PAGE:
Sunday, November 13, 2011

Ode to coconut

I LOVE coconut. Seriously. If it smells like coconut or tastes like it, I will eat it (or wear it). Sometimes both. But one thing that I have always wanted to master is making my own shredded coconut. That means successfully roasting a whole coconut. I have had many adventures with this during university (yes, I was the student roasting coconuts in my 1970s green stove while studying). So, I researched how to master this art and spent an afternoon with a coconut ready to master this skill.

How to crack open a coconut

I have done lots of research on the best way to crack open a coconut: by roasting it. To start, you need a hammer and a nail (sterilized, if possible). Take the three holes that are on one of the ends and place the bottom of the coconut down so that these holes are facing you. 

Take the nail and hammer it into these three holes. It helps if you have someone to hold the coconut while you nail into these holes. 

If your nail isn't thick enough (like ours), move it around the hole a bit to make it bigger. Drain out the coconut water into a glass and reserve for another use. If the water is sluggish, try nailing a hole in the other end of the coconut to create air circulation in the coconut.

My coconut had 1/2 cup of coconut water. I filtered it through a sieve and a cheesecloth to filter it out the pieces of shell, dirt and coconut flesh. 

For roasting, simply put the drained coconut on a baking sheet and bake in a 375 degree oven for 15-20 minutes or until the shell breaks.  

If the shell is not cracked enough, cover the coconut with tea towels and crack it open with a hammer. We also used a knife to loosen the flesh from the shell.

Fish out the coconut flesh from the shell and roast it for another 10 minutes to dry it out. 

How to make shredded coconut

After roasting the coconut and letting it cool, remove all of the loosened meat from the coconut shell. Whatever is not loose comes off with a knife. Take the back of the meat and peel with a vegetable peeler. 

I also cut the smaller pieces into very thin pieces with a sharp knife. The grater works but only if the coconut is dry.

The grated meat can be stored in the fridge in a plastic bag or container. I made three variations. The first (above) was simple shredded coconut. I added 1 teaspoon of sugar to 1 cup of coconut for sugared coconut:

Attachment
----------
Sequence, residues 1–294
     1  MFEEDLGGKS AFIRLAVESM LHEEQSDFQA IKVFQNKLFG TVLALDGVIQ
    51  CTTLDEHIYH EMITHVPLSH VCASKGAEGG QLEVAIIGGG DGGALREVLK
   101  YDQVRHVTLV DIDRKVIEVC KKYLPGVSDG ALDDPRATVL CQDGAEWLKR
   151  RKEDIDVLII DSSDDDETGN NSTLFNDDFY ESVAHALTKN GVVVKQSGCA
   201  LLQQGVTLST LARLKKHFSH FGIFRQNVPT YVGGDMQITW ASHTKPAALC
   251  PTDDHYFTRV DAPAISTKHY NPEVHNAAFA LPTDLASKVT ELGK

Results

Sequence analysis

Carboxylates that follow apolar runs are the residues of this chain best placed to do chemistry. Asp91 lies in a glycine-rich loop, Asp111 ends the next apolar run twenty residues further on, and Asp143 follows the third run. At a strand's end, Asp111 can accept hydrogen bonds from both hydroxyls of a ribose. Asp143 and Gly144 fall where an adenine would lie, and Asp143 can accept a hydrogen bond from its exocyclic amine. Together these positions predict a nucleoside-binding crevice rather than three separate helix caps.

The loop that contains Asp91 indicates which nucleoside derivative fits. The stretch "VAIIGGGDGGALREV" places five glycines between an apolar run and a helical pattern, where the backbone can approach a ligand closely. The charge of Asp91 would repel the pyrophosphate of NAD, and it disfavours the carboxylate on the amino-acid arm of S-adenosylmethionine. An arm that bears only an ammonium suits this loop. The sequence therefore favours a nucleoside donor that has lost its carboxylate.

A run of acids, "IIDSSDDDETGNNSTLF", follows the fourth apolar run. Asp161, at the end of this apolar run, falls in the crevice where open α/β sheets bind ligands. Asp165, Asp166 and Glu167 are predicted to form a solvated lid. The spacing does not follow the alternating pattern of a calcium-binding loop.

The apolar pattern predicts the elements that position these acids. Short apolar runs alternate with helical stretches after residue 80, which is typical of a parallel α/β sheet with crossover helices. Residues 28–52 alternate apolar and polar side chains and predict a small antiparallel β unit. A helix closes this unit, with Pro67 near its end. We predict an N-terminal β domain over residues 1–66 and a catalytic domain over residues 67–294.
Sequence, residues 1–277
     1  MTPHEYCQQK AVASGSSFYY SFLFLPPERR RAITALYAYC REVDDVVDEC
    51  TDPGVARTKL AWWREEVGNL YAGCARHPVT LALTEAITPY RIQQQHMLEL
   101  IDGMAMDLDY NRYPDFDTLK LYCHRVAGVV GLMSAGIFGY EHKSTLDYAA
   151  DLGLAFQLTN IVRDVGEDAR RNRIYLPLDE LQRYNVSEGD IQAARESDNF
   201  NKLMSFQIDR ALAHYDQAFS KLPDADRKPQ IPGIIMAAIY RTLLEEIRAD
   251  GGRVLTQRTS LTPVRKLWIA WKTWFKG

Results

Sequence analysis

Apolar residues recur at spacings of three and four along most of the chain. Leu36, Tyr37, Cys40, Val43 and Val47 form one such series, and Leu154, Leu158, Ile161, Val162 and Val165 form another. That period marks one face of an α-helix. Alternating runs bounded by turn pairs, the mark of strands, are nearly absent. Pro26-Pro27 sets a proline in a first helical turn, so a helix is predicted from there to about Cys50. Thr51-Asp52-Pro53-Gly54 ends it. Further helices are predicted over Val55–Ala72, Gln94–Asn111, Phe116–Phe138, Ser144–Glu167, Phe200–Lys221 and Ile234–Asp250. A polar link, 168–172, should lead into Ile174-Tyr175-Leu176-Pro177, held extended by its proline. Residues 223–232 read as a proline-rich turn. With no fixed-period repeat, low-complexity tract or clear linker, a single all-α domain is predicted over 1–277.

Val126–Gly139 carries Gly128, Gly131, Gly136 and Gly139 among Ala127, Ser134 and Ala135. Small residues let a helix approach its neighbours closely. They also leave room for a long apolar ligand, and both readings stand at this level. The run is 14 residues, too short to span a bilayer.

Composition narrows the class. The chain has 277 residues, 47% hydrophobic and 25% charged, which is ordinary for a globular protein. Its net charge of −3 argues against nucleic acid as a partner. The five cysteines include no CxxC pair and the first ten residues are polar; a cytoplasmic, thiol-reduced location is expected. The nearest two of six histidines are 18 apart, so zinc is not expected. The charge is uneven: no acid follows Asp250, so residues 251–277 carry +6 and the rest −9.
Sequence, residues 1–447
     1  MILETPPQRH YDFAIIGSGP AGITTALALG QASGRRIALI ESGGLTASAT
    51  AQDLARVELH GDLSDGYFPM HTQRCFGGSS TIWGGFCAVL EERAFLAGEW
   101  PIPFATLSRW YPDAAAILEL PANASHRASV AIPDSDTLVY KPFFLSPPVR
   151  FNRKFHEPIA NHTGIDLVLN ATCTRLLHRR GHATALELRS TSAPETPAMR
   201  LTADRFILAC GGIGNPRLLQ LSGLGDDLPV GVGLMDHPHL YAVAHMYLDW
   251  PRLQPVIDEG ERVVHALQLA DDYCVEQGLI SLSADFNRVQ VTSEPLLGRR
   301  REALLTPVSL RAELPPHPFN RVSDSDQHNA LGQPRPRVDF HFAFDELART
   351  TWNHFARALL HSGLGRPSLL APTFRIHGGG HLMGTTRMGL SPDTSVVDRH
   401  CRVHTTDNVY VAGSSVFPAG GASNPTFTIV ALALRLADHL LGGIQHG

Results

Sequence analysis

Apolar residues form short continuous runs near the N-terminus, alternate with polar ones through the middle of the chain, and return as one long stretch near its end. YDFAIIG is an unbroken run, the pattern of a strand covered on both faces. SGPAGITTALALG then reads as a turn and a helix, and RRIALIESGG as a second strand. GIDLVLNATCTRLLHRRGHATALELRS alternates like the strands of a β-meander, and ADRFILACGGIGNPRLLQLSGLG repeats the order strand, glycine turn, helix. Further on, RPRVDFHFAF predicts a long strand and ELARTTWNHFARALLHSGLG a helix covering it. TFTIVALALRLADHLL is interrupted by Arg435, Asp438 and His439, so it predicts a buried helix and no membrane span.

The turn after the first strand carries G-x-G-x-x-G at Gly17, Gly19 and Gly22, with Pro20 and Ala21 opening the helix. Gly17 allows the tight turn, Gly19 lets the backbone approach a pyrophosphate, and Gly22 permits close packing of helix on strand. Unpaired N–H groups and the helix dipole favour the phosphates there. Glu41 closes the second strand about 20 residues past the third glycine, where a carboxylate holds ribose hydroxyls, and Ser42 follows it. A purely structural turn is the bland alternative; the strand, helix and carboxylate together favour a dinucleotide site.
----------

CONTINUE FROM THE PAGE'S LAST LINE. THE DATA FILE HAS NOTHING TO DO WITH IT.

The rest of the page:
(I shook the closed container to cover everything with the sugar).

The third variation that I made was roasted coconut. I spread 1 cup of sliced coconut out in a baking sheet and baked it in a 375 oven. I checked it every four minutes and removed any brown pieces with tongs (not my fingers, it was too hot). 

Some of the smaller pieces were done within 9 minutes, some took 16 minutes. But this is definitely worth it! Roasted coconut is unbelievably good!

How to use coconut water

  • Add to any Asian dishes that you are making like a Thai coconut soup, Indian butter chicken or shrimp stir-fry.
  • Add to a smoothie for a great flavor. Perhaps this will work best with smoothies made with pineapple, cherries, strawberries, chocolate, bananas, mango and kiwi. Add a little rum if you want.
  • Drink it after working out.
  • Add to 1/2 cup yogurt along with some shredded fresh coconut and trail mix for a great breakfast.
How to make coconut milk

Add the coconut water to a blender along with 1 cup of grated, roasted coconut and 1 cup evaporated milk. Blend on high until it is fully processed. Strain if necessary.

How to reuse coconut shells

  • If you are close to Hallowe’en (or a Polynesian vacation) you can create a coconut shell bikini top. Add a grass skirt and a pink scarf to tie back your hair and you have a Hallowe’en costume.
  • I found these coconut drinking glasses on the Coconut King website. It looks like they took one coconut shell, husked it and cut it open about two inches from the top with a saw, probably the end without the three holes. Then they took the smaller half and cut the top 0.5 inch off with the saw. Then the smaller part is superglued (or adhered in some other way) to the bottom of the larger half to create a drinking glass.
  • The above "drinking glass" can also be used to serve Thai coconut soup at your next dinner party, to hold homemade cloth napkins or cutlery on the table or fresh, grated coconut for adding to desserts.
  • Take a hammer and smash them up as a stress reliever whenever you need a moment. Then, throw them into the compost.
  • Smooth down the coconut shell so that there are no hairs on it and cut it into circles with a scroll saw. Drill two holes in the centre and use it as a button.
  • If you didn’t drill holes into the coconut to drain the water, consider reusing the shell for dinner party presentations of drinks, soups or dips. This may require some creative thinking as coconut shells are round and can’t stay up on their own. 
Coconut calories (all for 1/4 cup or 1 oz):
  • Dried coconut meat, roasted: 116 calories, 13g fat (12g saturated), 0mg Cholesterol, 10 mg Sodium, 12 g Carbs, 1g Protein.
  • Coconut meat, raw: 99 calories, 9g fat (8g saturated), 0mg Cholesterol, 6mg Sodium, 4g Carbs (3g Fiber, 2g Sugar), 1g Protein. 
  • Coconut water: 5 calories, 0g fat, 0 mg Cholesterol, 29mg Sodium, 1g Carbs (1g Sugar), 0g Protein.
  • Coconut meat, dried, shredded, sweetened: 140 calories, 10g fat (9g saturated), 0mg Cholesterol, 73mg Sodium, 13g Carbs (1g Fiber, 12g Sugar), 1g Protein.
  • Coconut cream, sweetened: 100 calories, 5g fat (4g saturated), 0mg Cholesterol, 10mg Sodium, 15g Carbs (14g Sugar), 0g Protein.
All of this data is from Nutrition Data. All in all, coconut is mostly fat and sugar and contains no good nutrients (unless you want to gain weight!)


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